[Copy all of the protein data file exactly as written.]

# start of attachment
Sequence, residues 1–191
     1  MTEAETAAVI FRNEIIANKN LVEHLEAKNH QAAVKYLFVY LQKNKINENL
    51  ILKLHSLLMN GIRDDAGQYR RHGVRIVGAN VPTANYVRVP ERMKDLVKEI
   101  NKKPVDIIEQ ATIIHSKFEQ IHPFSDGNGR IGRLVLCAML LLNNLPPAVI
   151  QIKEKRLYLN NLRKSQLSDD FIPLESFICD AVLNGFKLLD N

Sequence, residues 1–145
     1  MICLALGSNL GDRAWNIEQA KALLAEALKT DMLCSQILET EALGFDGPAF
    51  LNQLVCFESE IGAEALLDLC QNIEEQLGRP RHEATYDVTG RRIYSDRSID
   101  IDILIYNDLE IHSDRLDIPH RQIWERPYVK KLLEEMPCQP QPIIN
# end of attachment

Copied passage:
Sequence, residues 1–191
     1  MTEAETAAVI FRNEIIANKN LVEHLEAKNH QAAVKYLFVY LQKNKINENL
    51  ILKLHSLLMN GIRDDAGQYR RHGVRIVGAN VPTANYVRVP ERMKDLVKEI
   101  NKKPVDIIEQ ATIIHSKFEQ IHPFSDGNGR IGRLVLCAML LLNNLPPAVI
   151  QIKEKRLYLN NLRKSQLSDD FIPLESFICD AVLNGFKLLD N

Sequence, residues 1–145
     1  MICLALGSNL GDRAWNIEQA KALLAEALKT DMLCSQILET EALGFDGPAF
    51  LNQLVCFESE IGAEALLDLC QNIEEQLGRP RHEATYDVTG RRIYSDRSID
   101  IDILIYNDLE IHSDRLDIPH RQIWERPYVK KLLEEMPCQP QPIIN